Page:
Stroll through the cheerfully-painted stalls and stands lining the streets of Oistins Fish Fry during the day, and it’s a dichotomy of bustling preparation for the evening’s onslaught and a quiet calm-before-the-storm devoid of the energy that’ll overtake the space when the sun goes down. Staff hose down picnic tables, seafood and produce purveyors haul deliveries from the back of trucks, and cooks and employees ready the ingredients for dishes and drinks listed on unassuming handwritten menus.
But the food and beverage hub in the town on Barbados’ southern coast really comes alive at night, especially on weekends, when street performers dance and lip sync to Michael Jackson, patrons spill out of bars and perform karaoke on the sidewalks, and locals and tourists order grilled or fried snapper, marlin and kingfish and macaroni pies, all washed down with rum punch served in plastic cups.
Ask any of the owners or order takers at Oistins what goes into this ubiquitous island elixir, however, and you’ll get wildly different opinions—and often, a tight-lipped response. At Pat’s Place, voted one of the best places to eat in Oistins, rum punch is made from an undisclosed secret recipe, and sold in small ($8) and large ($12) pours. Ditto for Annie’s, which offers a 9-oz. cupful for $10; the only thing they will say that its base is Mount Gay Eclipse Rum, produced on Barbados at the world’s oldest rum distillery.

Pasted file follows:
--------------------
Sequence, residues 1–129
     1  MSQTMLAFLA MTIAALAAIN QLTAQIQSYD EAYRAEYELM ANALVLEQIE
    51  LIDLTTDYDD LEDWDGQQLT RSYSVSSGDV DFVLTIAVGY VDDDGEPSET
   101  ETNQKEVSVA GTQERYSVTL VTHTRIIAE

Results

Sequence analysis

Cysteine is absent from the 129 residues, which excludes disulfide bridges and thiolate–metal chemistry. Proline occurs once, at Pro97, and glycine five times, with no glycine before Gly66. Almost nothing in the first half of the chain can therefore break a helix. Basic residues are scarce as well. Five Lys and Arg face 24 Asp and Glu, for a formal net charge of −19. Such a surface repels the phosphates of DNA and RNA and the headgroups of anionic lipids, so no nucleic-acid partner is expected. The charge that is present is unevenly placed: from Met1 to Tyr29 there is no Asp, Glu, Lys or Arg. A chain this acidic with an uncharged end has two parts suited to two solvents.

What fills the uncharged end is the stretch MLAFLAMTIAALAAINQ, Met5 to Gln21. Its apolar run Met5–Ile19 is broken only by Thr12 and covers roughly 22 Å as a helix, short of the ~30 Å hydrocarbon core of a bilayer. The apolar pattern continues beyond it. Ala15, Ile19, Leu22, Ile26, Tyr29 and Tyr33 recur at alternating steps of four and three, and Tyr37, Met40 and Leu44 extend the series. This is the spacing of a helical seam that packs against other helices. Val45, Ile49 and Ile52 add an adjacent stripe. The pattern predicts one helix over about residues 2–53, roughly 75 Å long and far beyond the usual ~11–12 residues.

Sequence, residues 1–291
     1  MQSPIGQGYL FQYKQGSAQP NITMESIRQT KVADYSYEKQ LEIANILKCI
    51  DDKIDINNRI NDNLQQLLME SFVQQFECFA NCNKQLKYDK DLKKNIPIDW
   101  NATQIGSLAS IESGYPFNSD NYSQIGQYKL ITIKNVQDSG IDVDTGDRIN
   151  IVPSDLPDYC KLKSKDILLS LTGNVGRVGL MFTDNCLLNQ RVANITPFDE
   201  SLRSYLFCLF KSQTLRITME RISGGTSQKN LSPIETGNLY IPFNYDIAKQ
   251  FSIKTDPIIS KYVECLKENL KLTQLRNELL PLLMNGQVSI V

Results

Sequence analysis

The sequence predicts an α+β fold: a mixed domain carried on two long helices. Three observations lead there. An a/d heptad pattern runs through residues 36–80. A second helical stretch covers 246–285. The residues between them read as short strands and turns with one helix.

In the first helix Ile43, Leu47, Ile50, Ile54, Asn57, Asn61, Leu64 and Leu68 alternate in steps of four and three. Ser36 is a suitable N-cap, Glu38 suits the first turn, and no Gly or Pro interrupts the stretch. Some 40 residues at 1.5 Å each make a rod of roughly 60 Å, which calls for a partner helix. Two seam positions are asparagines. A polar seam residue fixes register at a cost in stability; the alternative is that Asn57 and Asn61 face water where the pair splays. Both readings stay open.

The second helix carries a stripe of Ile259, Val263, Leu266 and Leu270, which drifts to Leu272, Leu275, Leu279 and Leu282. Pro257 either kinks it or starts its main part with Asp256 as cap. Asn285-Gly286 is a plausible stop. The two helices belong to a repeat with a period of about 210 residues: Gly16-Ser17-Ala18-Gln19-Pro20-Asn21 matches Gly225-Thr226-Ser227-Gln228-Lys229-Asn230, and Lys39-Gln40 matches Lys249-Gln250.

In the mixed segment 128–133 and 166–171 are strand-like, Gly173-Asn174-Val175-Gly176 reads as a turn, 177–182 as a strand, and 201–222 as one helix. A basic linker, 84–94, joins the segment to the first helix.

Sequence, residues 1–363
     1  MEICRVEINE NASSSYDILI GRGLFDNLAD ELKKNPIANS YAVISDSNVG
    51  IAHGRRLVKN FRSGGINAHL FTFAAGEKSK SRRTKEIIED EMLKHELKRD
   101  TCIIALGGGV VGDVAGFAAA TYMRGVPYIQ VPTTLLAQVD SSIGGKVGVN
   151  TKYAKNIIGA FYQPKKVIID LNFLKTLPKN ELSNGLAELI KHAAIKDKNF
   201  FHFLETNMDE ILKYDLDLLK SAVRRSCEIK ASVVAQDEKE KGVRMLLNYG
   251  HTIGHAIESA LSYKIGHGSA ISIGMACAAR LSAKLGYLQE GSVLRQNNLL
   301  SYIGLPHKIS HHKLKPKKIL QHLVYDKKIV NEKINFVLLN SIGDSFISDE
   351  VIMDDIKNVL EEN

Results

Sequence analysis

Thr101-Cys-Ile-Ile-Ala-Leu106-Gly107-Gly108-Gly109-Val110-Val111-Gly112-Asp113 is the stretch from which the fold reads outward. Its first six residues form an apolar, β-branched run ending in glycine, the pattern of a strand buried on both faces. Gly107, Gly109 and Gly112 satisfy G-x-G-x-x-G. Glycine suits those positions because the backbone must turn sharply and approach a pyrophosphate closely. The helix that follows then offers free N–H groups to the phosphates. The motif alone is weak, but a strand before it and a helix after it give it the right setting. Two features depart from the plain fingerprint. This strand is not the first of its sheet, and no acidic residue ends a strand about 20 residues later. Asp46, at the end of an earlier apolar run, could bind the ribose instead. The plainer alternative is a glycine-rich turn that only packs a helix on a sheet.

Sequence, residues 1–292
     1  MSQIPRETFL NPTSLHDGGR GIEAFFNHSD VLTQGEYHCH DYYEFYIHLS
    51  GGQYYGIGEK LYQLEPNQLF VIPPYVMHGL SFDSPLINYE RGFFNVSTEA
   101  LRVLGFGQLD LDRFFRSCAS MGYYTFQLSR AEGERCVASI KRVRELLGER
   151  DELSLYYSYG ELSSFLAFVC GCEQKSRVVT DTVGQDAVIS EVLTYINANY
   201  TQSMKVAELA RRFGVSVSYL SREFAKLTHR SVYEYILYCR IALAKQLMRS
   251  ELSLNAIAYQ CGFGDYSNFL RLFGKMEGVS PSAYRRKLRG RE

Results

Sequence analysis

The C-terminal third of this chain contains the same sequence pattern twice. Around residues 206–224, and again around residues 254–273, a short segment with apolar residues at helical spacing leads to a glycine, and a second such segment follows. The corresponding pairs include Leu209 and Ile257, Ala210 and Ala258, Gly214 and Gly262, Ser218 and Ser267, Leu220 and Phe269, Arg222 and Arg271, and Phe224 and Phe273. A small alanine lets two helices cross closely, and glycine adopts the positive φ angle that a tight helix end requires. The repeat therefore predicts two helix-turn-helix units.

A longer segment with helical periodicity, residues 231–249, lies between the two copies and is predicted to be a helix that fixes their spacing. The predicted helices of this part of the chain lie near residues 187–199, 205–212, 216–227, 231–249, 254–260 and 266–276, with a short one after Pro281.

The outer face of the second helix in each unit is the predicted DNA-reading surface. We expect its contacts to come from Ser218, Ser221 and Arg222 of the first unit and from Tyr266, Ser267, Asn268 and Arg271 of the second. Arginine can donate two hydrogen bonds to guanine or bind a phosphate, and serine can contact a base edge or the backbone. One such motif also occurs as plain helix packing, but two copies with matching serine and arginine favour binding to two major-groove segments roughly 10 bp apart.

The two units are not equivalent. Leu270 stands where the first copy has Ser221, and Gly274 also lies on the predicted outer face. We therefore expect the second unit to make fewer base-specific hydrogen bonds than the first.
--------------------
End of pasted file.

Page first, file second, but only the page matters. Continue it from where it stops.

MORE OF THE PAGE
A ten-minute drive to Braddie’s Bar on the outskirts of St. Lawrence Gap leads to a bit more information. Braddie’s, a veritable institution for locals and a top tourist destination, is one of the many so-called “rum shops” on the island. Like a cross between a Barbadian bodega, liquor shop and a bar, it’s where you can catch up with neighbors, grab a few pantry necessities or a bottle of rum to go, and wash down local specialties like pudding and souse (essentially pickled chunks of pork topped with a tangy chimichurri-like sauce) with sweet, bright orange-hued rum punch. Here, staff mixes Mount Gay Eclipse with simple syrup and lemon juice, served in a Hurricane glass over ice and topped with ginger beer and freshly grated nutmeg. The libation’s sweetness is tempered by the kick of ginger.